New administrator in Newry diocese criticised by priest

Bishop Philip Boyce expressed regret his focus on victims’ needs was not greater in the past

The Catholic diocese of Dromore has distanced itself from comments by a retired priest there who said he was "disgusted" at the appointment of Bishop Philip Boyce as its administrator this week.

Bishop Boyce (78) had been Bishop of Raphoe in Donegal since 1995 until he retired last year. He was appointed administrator of Dromore (which includes parishes in Antrim, Armagh and Down) after Pope Francis accepted the resignation of Bishop John McAreavey.

That followed controversy over the diocese's handling of child sexual abuse allegations made against former president of St Colman's College, Newry and former parish priest at Clonduff/Hilltown, Fr Malachy Finnegan, who died in 2002.

In a BBC Radio Ulster interview this week Fr Eamon Murray pointed out that in 2011 Bishop Boyce was criticised for his handling of clerical sex abuse allegations in Raphoe.


He told The Nolan Show that the appointment of Bishop Boyce "rubs salt on the wound" of an already hurt community. "I think it is a disgusting appointment," he said.

The statement from Dromore diocese pointed out that Fr Murray “is a retired priest of the Diocese of Northampton” who “lives in a property owned by the (Northampton) diocese and receives a pension from the diocese”.

It added that “while the diocese will continue to support Father Murray, it distances itself from the comments” in the interview.

In its December 2011 report on Raphoe diocese, the Catholic Church’s child protection watchdog, its National Board for Safeguarding Children (NBSC), said it was “a matter of great regret to Bishop Boyce that his focus on victims’ needs was not greater in the past, and he now acknowledges that he has a very different appreciation of his safeguarding responsibilities as to when he first came into office”.

An August 2010 NBSC review of child protection in Raphoe found that 14 priests there had faced 52 allegations of abuse, four of whom had been convicted in the courts.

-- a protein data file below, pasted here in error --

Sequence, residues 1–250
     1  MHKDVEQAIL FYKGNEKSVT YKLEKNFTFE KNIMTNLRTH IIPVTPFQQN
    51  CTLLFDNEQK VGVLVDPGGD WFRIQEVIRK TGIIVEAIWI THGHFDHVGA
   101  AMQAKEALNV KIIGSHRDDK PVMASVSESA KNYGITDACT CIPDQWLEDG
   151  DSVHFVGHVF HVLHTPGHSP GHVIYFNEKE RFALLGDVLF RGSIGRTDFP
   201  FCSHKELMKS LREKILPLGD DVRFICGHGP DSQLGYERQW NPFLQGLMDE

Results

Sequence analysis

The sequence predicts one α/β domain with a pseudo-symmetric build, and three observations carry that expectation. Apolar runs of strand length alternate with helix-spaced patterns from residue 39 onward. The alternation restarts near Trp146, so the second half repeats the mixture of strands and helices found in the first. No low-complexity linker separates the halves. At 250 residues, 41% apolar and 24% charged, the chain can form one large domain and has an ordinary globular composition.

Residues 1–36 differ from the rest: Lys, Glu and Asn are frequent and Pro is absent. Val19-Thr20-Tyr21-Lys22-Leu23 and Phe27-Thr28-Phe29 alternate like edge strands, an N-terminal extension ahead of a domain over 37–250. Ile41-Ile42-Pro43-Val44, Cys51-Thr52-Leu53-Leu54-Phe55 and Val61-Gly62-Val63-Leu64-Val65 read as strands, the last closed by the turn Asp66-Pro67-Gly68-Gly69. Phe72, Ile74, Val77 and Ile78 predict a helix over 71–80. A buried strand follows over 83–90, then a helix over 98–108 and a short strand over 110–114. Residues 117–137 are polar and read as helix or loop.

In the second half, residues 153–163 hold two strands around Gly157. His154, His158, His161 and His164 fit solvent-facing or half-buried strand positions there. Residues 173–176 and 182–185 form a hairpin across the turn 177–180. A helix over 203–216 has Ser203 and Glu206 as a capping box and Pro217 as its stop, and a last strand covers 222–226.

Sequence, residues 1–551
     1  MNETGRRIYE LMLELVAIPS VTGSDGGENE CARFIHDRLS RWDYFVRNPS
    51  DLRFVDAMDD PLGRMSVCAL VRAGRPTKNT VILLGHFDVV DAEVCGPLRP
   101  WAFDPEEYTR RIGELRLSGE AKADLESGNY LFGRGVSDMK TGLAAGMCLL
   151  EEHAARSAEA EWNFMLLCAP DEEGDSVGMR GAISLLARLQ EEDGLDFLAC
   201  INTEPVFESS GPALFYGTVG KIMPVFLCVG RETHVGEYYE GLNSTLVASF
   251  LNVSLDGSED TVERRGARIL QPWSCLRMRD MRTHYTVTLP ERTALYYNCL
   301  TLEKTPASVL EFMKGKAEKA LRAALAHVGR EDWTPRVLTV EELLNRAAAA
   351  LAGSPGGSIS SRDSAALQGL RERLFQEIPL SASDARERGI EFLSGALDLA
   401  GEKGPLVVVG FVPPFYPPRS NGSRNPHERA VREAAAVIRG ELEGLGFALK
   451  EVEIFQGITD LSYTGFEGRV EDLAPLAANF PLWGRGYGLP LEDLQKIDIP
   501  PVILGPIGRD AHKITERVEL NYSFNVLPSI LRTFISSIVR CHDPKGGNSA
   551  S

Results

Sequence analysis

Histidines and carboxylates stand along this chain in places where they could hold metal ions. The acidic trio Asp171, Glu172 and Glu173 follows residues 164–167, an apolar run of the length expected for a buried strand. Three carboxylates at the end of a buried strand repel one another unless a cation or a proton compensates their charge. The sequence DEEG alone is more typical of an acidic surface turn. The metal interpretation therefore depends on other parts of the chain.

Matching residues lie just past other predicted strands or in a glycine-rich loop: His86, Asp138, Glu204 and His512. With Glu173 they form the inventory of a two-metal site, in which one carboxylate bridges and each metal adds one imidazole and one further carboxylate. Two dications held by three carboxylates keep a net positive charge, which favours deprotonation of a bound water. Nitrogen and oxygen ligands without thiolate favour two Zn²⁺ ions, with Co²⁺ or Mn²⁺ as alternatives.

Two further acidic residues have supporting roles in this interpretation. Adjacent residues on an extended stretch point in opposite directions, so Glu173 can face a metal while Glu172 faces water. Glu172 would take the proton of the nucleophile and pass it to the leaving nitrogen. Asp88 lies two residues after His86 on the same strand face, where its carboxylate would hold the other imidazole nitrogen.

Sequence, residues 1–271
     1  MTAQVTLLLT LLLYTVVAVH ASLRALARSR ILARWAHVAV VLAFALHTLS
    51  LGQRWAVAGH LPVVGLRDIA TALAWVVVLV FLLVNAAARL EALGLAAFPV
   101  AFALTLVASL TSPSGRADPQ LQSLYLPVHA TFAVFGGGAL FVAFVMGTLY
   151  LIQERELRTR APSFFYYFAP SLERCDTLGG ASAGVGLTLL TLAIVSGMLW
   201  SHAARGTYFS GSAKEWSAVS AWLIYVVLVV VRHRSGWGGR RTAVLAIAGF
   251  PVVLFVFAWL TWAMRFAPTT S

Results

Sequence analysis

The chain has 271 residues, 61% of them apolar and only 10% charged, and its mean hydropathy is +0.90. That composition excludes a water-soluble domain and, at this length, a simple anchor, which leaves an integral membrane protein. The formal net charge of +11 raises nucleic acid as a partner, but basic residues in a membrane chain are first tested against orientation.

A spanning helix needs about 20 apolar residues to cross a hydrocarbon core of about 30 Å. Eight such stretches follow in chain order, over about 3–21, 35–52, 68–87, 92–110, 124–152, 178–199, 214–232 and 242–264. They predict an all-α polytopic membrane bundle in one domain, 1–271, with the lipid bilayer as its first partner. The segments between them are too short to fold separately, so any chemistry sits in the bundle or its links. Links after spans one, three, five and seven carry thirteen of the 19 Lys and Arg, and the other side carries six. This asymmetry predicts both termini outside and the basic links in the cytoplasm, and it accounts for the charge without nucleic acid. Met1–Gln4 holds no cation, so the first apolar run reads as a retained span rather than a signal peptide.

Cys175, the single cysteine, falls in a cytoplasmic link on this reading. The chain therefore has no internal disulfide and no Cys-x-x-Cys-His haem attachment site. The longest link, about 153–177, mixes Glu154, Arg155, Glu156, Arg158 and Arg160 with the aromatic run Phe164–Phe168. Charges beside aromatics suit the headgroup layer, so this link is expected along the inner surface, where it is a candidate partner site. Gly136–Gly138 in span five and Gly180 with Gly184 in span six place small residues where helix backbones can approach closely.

One case stood out, it said, and involved "serial paedophile priest" Fr Eugene Greene. In 2000 Fr Greene was jailed for 12 years after pleading guilty to 41 sample charges against 26 victims between 1962 and 1985.

The NBSC report continued: “It is clear that significant errors of judgement were made by successive bishops when responding to child abuse allegations.”

It found that “too much emphasis was placed on the situation of the accused priest and too little on the needs of their complainants.”

On Thursday, at the Cathedral of St Patrick and St Colman in Newry, Bishop Boyce prayed for Bishop McAreavey.

“I acknowledge Bishop John McAreavey’s ministry for the Diocese of Dromore for the past 19 years. May the Lord bless him at this time,” he said.

Speaking at the Holy Thursday Chrism Mass he told priests of the diocese, “I am not your bishop, but a person sent as Apostolic Administrator of the Diocese of Dromore until the new bishop is appointed.”

He added “I am here at this time to serve as your shepherd. On this significant day for you, I wish to declare wholeheartedly that my presence here today is to serve as your shepherd, shepherd of the people, religious, deacons and priests, of the young and the old, of the sick and the healthy, and most especially a shepherd of those who have been hurt in any way in the past.”

Patsy McGarry

Patsy McGarry

Patsy McGarry is Religious Affairs Correspondent of The Irish Times